are they holding over his head? Im sorry Im probably terribly naive or something, but I just dont get it.

    Some former agency officials said that CIA insiders are fighting a rear-guard action to prevent disclosures that could embarrass the agency and lead to new calls for a "truth commission" to investigate the Bush administration's policies.

    a rear guard action? what is that supposed to mean? I know, I know, but... I thought when he said he would restore the Rule of Law, he meant he would... restore the Rule of Law. Surely he's tough enough to stand up to this? So, yes he can, but no he wont. Okay. Got it.

    Buy the ticket, take the ride. ~HST

    by Lady Libertine on Wed Jun 17, 2009 at 07:47:57 PM PDT

    •  CIA torture program in the spotlight (0+ / 0-)

      They've gotten away with using, and teaching other regimes, torture for decades without the American public aware of it. I think they still feel its valid, for whatever insane/evil reason, and don't want it to be truly banned by the government. That will only happen under the pressure of an angry American public that is clearly informed about what is happening with our money, under our name.

      "All [US govt model based countries], without exception, have succumbed to the nightmare [of breakdown] one time or another, often repeatedly." - Bruce Ackerman

      by PoxOnYou on Wed Jun 17, 2009 at 07:53:07 PM PDT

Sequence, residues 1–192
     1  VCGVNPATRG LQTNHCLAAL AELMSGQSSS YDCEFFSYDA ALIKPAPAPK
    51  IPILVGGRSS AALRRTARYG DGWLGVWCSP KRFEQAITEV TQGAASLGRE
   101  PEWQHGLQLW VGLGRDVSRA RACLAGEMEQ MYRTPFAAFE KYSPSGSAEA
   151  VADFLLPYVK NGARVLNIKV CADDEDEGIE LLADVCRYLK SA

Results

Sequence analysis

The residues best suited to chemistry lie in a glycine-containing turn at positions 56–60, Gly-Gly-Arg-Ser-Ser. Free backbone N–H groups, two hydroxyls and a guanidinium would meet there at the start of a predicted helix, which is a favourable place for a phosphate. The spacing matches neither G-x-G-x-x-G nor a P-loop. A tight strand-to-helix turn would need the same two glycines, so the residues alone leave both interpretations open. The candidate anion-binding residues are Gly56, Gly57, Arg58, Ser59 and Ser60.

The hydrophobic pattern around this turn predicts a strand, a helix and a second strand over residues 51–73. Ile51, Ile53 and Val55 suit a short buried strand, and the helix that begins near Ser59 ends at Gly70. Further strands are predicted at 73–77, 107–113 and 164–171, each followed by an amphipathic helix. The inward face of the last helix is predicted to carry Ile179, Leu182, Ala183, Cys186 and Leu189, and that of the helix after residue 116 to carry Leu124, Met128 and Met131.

[ Parent ]

      •  that part I do know (2+ / 0-)
        Recommended by:
        cybersaur, poxonyou

        I got this most insanely absurd email reply from my Senator the other day, I dont even remember what I wrote her specifically, but its obvious... it had me spitting nails:

        Thank you for contacting me regarding interrogation methods employed to obtain vital, time-sensitive information from terrorist suspects. I welcome your thoughts and comments.

        President Barack Obama and other Congressional and Administration officials have left open the possibility of prosecuting past Bush Administration officials in the Office of Legal Counsel and other offices that were involved in so-called "enhanced interrogation techniques."  While I continue to support the use of these techniques in certain circumstances, and consider them an essential tool in the protection of our country, I deem their use secondary to the larger issue.